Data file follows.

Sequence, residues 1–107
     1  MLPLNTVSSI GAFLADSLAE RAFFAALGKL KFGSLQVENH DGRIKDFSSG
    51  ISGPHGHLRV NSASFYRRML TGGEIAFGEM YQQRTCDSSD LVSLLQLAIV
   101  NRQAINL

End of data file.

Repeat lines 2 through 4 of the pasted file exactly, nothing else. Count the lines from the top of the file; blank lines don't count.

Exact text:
     1  MLPLNTVSSI GAFLADSLAE RAFFAALGKL KFGSLQVENH DGRIKDFSSG
    51  ISGPHGHLRV NSASFYRRML TGGEIAFGEM YQQRTCDSSD LVSLLQLAIV
   101  NRQAINL